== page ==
In Search of Absolutes (Part Two)

As a gnome on wheels, I was surrounded by books. I took advantage of my easy access to books on astronomy, science, and philosophy. Not being able to afford books in addition to those assigned by my professors, I would take out library books to read on the subway during my two one-hour commutes between university and home. (Paradoxically, reading on the noisy subway provides a kind of silence that aids concentration.)

Cosmology, quantum mechanics, and I were born at the same time. Astronomy, once thought to be the ultimate manifestation of absolutes, was rapidly shedding them. Our galaxy was no longer the universe, even space and time were no longer absolute. At that same time, quantum mechanics dealt a heavy blow against the very concept of absolutes that is with us to this day. Absolute zero is not quite absolute. There is an inescapable vagueness about the reality of singularities, points in space, and infinities. Tracing the evolution of the Big Bang is not possible beyond 1034 seconds when time itself is supposed to have begun. Lately, even the absolute speed limit of light is being re-examined. So far, Classical Science and Quantum Mechanics are at irreconcilable odds.

Yet, the technological extension of our senses combined with our intellectual faculties confirms the validity of absolutes expressed by language, including (of course) those of mathematics and geometry. Spherical and Hyperbolic geometry do nothing to diminish the absolutes of Euclidean geometry. All three geometries are imbedded in one and the same reality. The four forces of the universe are absolutes, with or without an alleged ‘God Particle.’ Reality includes absolute zero, the speed of light, and Planck Time. But what those absolutes don’t give us is the ultimate absolute of Existence and Consciousness.

However, if you are young and interested in moral absolutes, perhaps some of the following tips will be of use to you.

  • Genes and ambiance are in play at conception and continue to do so throughout our lives. A search for absolutes requires a will beyond the reach of nature and nurture.
  • There is a profound difference between sophistication and militant sophistry. The latter is intellectual suicide. To deny the absolutes of existence and consciousness themselves is to deny the essence of being human: the sapient faculty of Homo sapiens. The stacks are filled with cookie cutter attempts to deny consciousness, existence, or both.

I suggest that you glance through a book or article before you take the time to read it. You need not read further if you spot a phrase like, “If a tree falls and no one hears it, was there a sound?” Novels (especially murder mysteries) should be read beginning at page one, of course, but it is different with books or articles on science or philosophy. Don’t waste your time on riddles.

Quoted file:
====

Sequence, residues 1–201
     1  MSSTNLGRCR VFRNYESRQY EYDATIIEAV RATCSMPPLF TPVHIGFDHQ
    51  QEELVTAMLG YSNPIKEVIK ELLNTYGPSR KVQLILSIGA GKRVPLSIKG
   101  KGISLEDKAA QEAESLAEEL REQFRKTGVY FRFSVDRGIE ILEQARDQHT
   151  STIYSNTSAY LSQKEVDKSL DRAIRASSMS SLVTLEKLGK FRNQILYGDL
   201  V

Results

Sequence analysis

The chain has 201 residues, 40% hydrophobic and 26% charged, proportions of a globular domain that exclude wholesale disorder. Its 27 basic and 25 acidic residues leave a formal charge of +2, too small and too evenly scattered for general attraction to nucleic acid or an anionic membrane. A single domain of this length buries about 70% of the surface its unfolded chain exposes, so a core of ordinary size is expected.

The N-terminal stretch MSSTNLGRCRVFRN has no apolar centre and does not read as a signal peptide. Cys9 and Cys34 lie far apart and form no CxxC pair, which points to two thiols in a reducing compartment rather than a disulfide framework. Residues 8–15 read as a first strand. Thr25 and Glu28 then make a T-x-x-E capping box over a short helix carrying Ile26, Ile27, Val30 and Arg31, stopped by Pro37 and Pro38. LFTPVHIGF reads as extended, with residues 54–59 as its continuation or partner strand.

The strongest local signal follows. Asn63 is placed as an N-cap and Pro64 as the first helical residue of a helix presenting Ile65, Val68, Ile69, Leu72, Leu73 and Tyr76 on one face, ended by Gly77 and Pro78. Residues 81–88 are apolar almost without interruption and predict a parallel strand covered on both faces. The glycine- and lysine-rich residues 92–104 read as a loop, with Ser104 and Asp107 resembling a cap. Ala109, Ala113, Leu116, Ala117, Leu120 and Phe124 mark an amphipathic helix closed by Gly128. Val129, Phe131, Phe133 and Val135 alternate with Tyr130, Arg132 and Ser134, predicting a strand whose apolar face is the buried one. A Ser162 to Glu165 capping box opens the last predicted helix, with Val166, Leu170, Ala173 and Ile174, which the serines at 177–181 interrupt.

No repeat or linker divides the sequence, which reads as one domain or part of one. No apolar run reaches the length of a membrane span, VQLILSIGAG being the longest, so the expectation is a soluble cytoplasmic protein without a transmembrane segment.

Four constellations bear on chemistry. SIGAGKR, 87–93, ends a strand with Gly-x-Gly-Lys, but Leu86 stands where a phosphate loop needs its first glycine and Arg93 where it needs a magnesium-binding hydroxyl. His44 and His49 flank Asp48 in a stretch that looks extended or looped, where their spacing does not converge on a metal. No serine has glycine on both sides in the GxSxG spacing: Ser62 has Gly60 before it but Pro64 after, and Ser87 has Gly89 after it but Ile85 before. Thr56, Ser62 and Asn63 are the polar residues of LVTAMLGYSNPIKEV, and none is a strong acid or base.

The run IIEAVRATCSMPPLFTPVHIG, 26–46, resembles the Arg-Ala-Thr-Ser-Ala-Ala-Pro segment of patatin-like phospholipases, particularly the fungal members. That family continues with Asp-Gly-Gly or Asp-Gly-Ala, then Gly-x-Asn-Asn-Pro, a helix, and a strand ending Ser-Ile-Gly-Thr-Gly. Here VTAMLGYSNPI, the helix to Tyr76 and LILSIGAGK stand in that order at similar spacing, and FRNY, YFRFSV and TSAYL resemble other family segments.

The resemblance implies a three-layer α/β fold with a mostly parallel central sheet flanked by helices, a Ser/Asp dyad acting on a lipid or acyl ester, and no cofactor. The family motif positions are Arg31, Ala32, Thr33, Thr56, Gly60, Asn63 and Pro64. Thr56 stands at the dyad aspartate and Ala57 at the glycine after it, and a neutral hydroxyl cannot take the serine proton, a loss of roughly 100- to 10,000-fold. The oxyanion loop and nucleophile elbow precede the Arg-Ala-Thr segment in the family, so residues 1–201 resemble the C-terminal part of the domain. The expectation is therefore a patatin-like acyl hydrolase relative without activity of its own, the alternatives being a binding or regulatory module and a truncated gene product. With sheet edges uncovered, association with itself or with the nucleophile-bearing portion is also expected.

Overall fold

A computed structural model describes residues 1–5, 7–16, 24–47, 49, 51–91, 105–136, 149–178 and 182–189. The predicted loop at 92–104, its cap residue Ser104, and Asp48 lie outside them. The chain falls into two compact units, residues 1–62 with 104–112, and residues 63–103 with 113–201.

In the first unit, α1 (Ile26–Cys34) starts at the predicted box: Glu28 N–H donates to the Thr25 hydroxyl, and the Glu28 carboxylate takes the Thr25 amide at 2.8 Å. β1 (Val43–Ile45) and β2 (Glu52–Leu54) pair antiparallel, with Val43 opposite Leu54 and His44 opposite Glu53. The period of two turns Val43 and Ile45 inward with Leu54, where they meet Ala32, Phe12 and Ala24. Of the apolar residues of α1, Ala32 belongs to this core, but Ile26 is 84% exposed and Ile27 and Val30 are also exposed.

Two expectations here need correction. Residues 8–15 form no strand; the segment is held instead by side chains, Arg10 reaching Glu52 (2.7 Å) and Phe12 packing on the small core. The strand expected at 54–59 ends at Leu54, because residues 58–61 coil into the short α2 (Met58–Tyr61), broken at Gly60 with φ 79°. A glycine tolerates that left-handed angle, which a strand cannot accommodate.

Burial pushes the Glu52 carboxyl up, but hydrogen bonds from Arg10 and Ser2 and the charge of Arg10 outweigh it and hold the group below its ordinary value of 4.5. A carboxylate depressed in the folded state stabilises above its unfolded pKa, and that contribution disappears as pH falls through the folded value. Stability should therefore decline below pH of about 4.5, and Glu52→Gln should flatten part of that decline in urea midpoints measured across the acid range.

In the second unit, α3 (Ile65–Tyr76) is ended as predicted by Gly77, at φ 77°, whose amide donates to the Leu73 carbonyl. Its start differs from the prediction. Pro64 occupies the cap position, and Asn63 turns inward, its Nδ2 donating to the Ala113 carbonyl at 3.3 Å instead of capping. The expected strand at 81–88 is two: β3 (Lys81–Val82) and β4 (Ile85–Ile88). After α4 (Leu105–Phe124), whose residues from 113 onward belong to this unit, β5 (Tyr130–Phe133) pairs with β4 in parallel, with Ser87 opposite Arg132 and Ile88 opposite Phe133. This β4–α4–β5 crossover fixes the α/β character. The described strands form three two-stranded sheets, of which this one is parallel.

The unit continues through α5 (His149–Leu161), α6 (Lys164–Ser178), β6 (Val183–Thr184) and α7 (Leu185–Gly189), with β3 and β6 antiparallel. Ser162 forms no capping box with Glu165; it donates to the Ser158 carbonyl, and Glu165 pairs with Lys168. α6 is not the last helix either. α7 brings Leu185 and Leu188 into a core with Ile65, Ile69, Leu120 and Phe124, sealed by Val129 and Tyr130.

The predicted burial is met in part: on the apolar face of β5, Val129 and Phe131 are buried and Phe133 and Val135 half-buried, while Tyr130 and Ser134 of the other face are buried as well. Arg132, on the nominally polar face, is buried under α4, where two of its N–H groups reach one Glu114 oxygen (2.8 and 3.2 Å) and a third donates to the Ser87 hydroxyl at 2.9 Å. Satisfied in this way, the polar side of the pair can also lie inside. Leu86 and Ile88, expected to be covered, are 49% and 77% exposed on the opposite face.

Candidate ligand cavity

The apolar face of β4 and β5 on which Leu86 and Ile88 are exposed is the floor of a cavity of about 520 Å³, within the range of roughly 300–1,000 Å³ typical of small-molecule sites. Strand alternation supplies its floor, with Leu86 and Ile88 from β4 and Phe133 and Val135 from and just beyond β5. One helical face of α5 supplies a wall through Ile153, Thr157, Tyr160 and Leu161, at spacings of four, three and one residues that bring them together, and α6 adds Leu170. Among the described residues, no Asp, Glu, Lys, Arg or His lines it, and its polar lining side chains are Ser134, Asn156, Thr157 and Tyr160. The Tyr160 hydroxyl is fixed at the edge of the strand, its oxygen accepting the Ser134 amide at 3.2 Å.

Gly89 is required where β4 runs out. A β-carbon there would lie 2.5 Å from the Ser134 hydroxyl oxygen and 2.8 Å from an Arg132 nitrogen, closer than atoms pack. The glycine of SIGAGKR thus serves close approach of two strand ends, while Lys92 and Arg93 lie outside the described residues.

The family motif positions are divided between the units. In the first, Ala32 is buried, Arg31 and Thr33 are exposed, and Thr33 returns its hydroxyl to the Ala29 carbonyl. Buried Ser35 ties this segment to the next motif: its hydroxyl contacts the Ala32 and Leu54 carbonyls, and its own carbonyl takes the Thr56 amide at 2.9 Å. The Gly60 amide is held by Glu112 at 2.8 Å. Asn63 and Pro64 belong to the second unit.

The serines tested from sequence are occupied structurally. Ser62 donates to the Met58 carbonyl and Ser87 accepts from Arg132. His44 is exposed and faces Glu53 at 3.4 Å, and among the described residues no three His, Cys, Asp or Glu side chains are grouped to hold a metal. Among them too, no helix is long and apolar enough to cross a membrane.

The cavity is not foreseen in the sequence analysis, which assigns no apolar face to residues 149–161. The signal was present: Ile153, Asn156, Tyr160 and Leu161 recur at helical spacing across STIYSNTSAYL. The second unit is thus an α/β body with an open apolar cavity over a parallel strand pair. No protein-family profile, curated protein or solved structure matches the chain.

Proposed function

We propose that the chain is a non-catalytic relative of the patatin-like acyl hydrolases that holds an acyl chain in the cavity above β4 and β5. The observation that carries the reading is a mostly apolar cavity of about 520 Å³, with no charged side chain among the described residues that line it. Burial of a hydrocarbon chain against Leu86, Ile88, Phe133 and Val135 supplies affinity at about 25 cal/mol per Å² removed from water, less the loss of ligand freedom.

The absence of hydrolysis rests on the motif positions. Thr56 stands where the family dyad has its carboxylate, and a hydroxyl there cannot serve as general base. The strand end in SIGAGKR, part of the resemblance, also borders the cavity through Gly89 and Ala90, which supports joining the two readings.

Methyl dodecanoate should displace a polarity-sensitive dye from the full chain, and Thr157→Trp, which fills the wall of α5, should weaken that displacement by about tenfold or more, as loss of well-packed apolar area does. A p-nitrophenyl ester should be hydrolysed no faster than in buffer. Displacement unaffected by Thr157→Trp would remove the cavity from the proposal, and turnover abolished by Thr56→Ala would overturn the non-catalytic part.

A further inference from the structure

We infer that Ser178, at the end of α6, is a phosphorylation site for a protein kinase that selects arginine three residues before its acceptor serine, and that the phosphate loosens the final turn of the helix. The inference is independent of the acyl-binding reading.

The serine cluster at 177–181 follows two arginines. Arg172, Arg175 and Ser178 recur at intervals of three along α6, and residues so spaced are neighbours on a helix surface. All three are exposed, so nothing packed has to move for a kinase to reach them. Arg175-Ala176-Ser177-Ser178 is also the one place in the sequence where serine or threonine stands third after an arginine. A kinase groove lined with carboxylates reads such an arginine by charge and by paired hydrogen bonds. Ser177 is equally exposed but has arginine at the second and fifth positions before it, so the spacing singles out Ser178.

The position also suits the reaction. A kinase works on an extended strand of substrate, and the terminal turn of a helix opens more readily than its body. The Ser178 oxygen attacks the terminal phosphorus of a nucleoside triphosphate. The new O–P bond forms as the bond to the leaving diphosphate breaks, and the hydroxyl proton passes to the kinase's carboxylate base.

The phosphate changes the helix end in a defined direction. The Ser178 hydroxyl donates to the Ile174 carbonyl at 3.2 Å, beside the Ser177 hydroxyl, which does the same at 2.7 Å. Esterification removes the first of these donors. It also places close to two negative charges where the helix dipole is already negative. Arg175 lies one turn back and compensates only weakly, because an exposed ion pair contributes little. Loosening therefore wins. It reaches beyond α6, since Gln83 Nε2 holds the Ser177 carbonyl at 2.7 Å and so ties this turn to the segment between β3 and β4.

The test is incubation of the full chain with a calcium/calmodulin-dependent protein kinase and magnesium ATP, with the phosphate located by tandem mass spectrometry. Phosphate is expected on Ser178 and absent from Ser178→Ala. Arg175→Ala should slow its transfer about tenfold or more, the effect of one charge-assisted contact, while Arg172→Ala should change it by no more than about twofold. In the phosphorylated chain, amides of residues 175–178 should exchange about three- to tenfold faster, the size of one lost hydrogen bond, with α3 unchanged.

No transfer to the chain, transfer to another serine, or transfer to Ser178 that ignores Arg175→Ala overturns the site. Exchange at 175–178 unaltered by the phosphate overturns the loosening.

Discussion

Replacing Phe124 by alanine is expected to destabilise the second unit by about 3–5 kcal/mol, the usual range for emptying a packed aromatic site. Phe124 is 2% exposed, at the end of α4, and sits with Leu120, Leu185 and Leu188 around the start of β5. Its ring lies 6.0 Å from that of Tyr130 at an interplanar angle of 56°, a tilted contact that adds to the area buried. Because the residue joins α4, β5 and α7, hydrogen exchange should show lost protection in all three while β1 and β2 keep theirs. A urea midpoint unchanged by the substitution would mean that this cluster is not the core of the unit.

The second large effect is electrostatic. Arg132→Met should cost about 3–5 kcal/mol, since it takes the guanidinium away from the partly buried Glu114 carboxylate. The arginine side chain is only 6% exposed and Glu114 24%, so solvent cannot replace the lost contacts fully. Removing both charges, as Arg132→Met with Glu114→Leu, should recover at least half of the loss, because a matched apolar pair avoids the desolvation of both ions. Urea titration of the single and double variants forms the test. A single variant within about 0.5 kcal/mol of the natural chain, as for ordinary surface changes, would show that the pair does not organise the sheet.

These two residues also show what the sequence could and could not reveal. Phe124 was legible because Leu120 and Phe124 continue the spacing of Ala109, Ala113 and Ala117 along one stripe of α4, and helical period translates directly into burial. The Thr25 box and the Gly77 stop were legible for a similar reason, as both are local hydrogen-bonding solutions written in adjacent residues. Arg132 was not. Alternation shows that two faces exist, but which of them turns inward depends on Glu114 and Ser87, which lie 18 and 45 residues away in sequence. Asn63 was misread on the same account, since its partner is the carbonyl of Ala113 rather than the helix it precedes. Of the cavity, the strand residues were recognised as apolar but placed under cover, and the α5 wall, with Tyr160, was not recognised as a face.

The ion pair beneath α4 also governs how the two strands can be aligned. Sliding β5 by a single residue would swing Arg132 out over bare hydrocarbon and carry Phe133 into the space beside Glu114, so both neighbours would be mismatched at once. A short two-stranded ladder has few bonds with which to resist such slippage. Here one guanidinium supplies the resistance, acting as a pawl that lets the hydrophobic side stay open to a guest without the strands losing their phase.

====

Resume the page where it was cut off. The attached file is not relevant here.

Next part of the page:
I recently glanced through a lengthy featured article in Discovery magazine. At a glance, I quickly noticed that this was a dead end article, currently very popular in science magazines. So, I turned to the very brief last paragraph. Sure enough, that last paragraph summed up the essence of the article in two or three sentences, and then added a single word, ‘Maybe.’ That prompted me to go on to the next page immediately. That technique exponentially beats multitasking as a timesaver.

  • When I was young, seeking absolutes in the stacks was cumbersome. Gathering scientific absolutes was relatively simple, but I wasted a great deal of time probing the stacks in the hope of harvesting philosophic absolutes.

Today, I am in awe of the Internet and its electronic hand-held progeny (despite their exasperating Lilliputian keys). They are the Stacks of Stacks. They are at the center of the Information age. But their virtually infinite corridors are capable of wasting a great deal of your time if you surf through them without an absolute or two of your own.

  • I’m speaking, of course, of moral absolutes. I acknowledge that my suggestion that you find your own absolutes is heretic. All the more so because absolutes do not allow for exceptions. But, as I implied in my first tip above, the will I speak of is absolute. It is also attainable without convoluted arguments and need not be proved. In fact, it is axiomatic. Its common term is ‘character.’
  • In Part One of this article, I stated that the Information Age (for all its splendor) poses a challenge for this generation. That is because the Information Age is also purely relativistic. As I flip through web sites of every stripe, I’m stunned by the proliferation of articles that ignore logic, consistency, and facts.
  • Young people are far better than I at navigating through the Internet. But when I surf the net for information, I’m disturbed by the misinformation I constantly encounter.

When my generation explored the paper stacks, it had to be more selective about the books that were worth reading. The rapid multiplicity of images floating through cyberspace has exacerbated the worst characteristics of a relativistic age.

  • If you are young, you might find (as I have) that the only reliable moral absolute is within yourself. For example, you might consider your word as an absolute. The same is true of loyalty or honesty. I am neither boastful nor dishonest when I claim that those characteristics are my absolutes and therefore my anchor. They are easy to live with, absolute, and totally free from the constraints of genes and ambiance.

If you haven’t already found an anchor for life and feel that you need one, you might consider absolutes that are not subject to the confusion of a relativistic age.

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